The Cathedral of San Juan Bautista stands just a short walk from El Morro. Originally a wooden structure built in the 1520s, the church was destroyed by a hurricane and rebuilt in 1540. The rebuilding included many improvements, such as dramatic Gothic vaulted ceilings and a graceful circular staircase. The marble tomb on the north side holds the remains of Ponce de Leon, and the dome’s trompe l’oeil work is positively breathtaking.

Water sports are another big draw in San Juan, where white sand beaches meet excellent waves over the warm crystalline water. Take an aqua adventure off the coast to swim, scuba and snorkel with some of the world’s most remarkable marine life, including teeming reefs alive with butterflyfish, turtles, starfish, puffers, angelfish and more.

Spend the rest of your time in San Juan hanging out with locals at the Plaza San Jose, learning about mid-16th century life at the Casa Blanca museum, flying a kite in the sea breeze, discovering Puerto Rico’s African heritage at the Museum of African Roots, shopping for designer fashions on Cristo Street, feeding the birds at Pigeon Park and sampling rum at the Casa Don Q.

The weekend effectively starts on Thursday, and there seems to be some sort of celebration throughout the city each weekend. To fit in with the crowds, dress up a bit, especially on Friday and Saturday nights. Women head out to the nightclubs in their best dresses and highest heels, and even the men dress with flair. Many locals spend the nights dancing to live music at San Juan’s many upscale hotels, many of which also have casinos. In Old San Juan, the hottest clubs are on the Calle Fortaleza, where salsa music blares from pool-hall jukeboxes and mellow jazz bands serenade crowds at top-flight lounges. You’ll see lots of young and beautiful people hanging out in Plaza San Jose, and more bohemians and professionals in Santurce, the downtown area. Both crowds tend to stay out late on the pedestrian streets, and you will want to stay out with them to enjoy every minute of your San Juan experience.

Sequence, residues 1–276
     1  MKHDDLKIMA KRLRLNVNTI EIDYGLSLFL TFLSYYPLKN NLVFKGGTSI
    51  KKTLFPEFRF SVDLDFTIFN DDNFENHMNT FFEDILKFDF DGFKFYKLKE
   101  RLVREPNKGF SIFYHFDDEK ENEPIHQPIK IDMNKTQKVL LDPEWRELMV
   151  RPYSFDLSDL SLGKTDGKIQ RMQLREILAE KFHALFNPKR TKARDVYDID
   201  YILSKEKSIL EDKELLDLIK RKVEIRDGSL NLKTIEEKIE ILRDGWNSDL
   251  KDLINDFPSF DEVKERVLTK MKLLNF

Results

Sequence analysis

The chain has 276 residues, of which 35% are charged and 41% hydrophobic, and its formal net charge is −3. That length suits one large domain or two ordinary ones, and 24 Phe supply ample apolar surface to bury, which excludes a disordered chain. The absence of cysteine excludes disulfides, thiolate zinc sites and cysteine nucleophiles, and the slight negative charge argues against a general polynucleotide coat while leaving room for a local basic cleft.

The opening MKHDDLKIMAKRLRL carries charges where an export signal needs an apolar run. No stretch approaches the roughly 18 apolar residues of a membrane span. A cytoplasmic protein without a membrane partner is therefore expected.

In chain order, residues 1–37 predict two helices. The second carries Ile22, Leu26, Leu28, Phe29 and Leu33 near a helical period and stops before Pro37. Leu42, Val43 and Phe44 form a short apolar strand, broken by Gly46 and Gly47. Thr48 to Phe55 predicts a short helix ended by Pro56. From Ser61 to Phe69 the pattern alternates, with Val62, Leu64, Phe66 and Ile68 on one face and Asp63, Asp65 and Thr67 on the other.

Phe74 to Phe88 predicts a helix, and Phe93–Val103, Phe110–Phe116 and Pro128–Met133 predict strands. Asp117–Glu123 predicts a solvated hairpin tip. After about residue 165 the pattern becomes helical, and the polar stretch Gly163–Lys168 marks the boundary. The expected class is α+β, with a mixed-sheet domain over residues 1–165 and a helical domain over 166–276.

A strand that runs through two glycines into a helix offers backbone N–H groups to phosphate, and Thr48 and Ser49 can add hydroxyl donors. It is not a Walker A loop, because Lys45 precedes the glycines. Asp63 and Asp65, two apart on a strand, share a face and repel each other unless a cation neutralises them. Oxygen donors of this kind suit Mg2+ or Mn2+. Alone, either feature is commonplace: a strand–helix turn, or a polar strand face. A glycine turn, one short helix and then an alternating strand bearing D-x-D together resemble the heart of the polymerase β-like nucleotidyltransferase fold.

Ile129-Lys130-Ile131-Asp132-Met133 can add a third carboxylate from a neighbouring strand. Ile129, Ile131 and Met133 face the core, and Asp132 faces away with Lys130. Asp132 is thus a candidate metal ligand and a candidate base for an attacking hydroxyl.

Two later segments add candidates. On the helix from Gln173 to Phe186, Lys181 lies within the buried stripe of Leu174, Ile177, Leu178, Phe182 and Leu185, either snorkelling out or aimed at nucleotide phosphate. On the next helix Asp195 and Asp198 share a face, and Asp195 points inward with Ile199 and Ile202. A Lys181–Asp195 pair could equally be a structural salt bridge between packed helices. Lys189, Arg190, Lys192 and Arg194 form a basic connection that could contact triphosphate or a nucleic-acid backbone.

San Juan Location

San Juan is located on the northern coast of Puerto Rico facing the Atlantic Ocean. It lies just east of the country’s center and is its most populated city with approximately 400,000 inhabitants.

San Juan Language

Spanish and English are both official languages of Puerto Rico although English is taught as a secondary language.

San Juan Predominant Religion

  • 85% Roman Catholic
  • 15% Protestant and other

Although Protestantism was suppressed under Spanish rule, it has flourished since.

San Juan Currency

The US Dollar is the official currency of Puerto Rico.

San Juan Climate

San Juan is hot all year round with the summers becoming uncomfortable at times. It rains throughout the year, for the most part evenly although November and December typically see the most rainfall.

San Juan Main Attractions

  • El Morro (Castillo de San Felipe del Morro)
  • Old San Juan
  • La Fortaleza-Palacio de Santa Catalina

Other Attraction in San Juan

  • Bacardi Rum Plant
  • Castillo de San Cristobal
  • Condado Beach